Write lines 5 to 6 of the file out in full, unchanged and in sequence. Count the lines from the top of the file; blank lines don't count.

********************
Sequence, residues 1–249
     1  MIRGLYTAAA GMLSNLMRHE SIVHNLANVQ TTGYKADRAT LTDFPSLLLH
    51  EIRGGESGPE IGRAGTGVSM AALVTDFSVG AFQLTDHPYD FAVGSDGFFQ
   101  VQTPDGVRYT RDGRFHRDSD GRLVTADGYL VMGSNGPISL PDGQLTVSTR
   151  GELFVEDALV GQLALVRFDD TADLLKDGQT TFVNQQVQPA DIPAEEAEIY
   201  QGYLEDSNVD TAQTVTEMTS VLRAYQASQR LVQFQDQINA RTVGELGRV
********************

   151  GELFVEDALV GQLALVRFDD TADLLKDGQT TFVNQQVQPA DIPAEEAEIY
   201  QGYLEDSNVD TAQTVTEMTS VLRAYQASQR LVQFQDQINA RTVGELGRV